Sharon Kay Penman is another author who has taught me a great deal, especially from her second novel Here Be Dragons. I had already read The Sunne in Splendor, and as a result had become fascinated as a reader by Richard III. After reading Sharon’s novel, I must have devoured every novel about him I could find. However, as a writer, Here Be Dragons was the important one to me. If Roberta Gellis had shown me the way to write intelligent historical romance, Here Be Dragons was a master class in how to write historical fiction about real people and make it riveting while maintaining the historical accuracy. I was blown away by this tale of King John’s daughter and her marriage to a Welsh prince.
Other authors whom I count among my influences because of their ability to tell a story and at the same time immerse the reader in the period include Ellis Peters with her Brother Cadfael series of medieval mysteries. I never read them for the whodunit element, but always for the characters and the glimpses of daily life in a medieval town. From Ellis Peters, I learned all about utilising the small details of daily life. From authors Judith Merkle Riley and Grace Ingram, I learned about injecting humour into stories, both with joyous directness and in more subtle ways.
With all of these authors, I never deliberately set out to analyse and learn. It was more by a process of readerly osmosis that I absorbed the lessons as I enjoyed their books. All of them remain some of my favourite authors today and I owe them a debt of gratitude for helping to illuminate the path to my own particular road. Thank you all!
A bittersweet tale of love, loss, and the power of royalty…
A captivating story of a mother’s love stretched to breaking and a knight determined to rebuild his life with the royal mistress, For the King’s Favor is Elizabeth Chadwick at her best. Based on a true story never before told and impeccably researched, this is a testament to the power of sacrifice and the strength of love. When Roger Bigod, heir to the powerful earldom of Norfolk, arrives at court to settle an inheritance, he meets Ida de Tosney, young mistress to King Henry II. In Roger, Ida sees a chance for lasting love, but their decision to marry carries an agonizing price. It’s a breathtaking novel of making choices, not giving up, and coping with the terrible shifting whims of the king.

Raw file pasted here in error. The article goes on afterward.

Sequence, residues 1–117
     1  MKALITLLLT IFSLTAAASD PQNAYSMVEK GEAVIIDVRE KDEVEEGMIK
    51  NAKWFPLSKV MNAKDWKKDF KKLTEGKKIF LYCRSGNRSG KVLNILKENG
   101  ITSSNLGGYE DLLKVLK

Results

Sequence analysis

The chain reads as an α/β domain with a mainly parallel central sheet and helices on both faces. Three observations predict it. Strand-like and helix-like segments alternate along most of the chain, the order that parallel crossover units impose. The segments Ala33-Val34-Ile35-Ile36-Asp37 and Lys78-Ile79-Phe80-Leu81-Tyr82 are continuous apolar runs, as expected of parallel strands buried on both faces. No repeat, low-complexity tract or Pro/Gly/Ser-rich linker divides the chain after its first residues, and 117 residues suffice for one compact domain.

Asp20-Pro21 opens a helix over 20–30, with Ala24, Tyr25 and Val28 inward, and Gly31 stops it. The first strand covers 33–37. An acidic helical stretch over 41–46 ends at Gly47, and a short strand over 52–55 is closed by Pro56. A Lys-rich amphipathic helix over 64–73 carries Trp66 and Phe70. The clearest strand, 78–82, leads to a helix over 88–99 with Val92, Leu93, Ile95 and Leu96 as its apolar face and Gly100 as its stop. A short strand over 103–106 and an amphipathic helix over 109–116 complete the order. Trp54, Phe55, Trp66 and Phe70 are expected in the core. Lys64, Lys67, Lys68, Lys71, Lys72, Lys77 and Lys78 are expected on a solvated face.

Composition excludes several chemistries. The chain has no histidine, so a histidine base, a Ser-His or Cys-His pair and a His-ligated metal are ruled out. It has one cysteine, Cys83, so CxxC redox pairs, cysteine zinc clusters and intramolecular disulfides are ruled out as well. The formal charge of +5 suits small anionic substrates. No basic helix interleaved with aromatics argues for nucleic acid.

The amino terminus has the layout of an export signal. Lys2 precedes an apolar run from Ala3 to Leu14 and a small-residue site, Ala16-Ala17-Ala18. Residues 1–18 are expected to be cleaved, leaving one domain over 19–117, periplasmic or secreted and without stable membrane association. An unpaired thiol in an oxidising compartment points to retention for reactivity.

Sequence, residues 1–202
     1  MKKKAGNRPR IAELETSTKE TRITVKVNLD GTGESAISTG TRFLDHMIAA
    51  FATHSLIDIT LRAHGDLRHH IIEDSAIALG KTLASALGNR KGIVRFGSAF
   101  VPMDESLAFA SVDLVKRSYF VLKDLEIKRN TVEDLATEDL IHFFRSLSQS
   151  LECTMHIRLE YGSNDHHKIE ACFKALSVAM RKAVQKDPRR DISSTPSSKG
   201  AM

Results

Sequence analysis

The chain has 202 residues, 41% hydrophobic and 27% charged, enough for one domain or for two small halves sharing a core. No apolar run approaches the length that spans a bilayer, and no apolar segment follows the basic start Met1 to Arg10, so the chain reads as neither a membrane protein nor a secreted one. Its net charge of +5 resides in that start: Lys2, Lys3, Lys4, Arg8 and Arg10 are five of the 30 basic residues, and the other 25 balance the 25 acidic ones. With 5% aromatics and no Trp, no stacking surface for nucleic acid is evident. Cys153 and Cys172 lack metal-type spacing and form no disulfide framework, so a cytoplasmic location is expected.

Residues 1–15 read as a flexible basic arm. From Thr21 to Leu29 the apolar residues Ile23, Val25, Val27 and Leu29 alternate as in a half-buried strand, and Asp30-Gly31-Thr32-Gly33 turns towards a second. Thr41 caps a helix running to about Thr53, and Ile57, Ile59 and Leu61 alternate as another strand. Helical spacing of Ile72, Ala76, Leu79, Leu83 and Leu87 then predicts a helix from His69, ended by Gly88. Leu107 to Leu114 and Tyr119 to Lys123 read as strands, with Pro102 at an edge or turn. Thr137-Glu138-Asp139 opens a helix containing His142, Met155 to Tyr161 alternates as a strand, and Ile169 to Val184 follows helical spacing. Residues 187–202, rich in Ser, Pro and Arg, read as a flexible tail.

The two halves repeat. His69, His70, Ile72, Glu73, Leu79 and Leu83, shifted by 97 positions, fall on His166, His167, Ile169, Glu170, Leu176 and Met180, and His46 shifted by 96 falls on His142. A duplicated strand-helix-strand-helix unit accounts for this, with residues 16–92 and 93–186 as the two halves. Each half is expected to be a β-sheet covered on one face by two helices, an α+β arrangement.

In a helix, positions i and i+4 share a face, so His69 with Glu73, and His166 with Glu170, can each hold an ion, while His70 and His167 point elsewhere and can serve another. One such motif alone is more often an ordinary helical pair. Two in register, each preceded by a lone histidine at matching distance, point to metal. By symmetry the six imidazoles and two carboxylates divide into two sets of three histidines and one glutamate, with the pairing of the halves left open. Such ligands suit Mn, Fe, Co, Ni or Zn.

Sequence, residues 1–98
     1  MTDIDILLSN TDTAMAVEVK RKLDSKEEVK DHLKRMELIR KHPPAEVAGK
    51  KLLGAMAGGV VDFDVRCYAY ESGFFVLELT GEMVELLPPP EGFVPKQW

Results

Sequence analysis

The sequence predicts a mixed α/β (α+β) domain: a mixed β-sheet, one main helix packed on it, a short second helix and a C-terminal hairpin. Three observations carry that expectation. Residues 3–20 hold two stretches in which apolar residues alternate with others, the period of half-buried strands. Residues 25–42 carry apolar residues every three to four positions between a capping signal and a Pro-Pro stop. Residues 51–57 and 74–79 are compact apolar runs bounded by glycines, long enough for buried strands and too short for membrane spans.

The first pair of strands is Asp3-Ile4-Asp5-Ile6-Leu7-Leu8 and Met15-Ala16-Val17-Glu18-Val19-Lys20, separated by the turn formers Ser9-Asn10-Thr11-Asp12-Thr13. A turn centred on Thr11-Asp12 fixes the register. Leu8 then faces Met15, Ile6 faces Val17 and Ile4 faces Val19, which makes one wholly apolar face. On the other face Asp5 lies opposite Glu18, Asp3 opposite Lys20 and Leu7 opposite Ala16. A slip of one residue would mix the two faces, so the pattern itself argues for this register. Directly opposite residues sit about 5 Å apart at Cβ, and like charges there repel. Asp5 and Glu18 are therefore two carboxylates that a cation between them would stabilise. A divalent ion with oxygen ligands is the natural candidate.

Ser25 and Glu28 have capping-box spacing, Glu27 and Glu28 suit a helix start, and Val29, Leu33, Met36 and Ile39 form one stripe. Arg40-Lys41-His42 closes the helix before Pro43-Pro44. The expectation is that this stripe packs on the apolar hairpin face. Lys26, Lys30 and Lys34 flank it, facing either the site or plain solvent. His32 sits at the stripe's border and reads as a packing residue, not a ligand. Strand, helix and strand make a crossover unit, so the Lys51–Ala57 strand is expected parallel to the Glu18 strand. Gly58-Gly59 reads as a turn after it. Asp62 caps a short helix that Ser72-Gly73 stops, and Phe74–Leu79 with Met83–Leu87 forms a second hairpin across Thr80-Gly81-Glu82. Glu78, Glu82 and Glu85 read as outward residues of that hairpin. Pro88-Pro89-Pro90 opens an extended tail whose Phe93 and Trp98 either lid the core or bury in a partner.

ABOUT THE AUTHOR
Elizabeth Chadwick lives near Nottingham with her husband and two sons. She is the author of 18 historical novels, including The Greatest Knight, The Scarlet Lion, A Place Beyond Courage, Lords of the White Castle, Shadows and Strongholds, the Winter Mantle, and the Falcons of Montabard, four of which have been shortlisted for the Romantic Novelists’ Awards. Much of her research is carried out as a member of Regia Anglorum, an early medieval re-enactment society with the emphasis on accurately re-creating the past. She won a Betty Trask Award for The Wild Hunt, her first novel. For more information, please visit http://www.elizabethchadwick.com/.
My sincere gratitude to Elizabeth Chadwick for taking time out of her busy schedule to post and to Sourcebooks for making this guest author post a reality.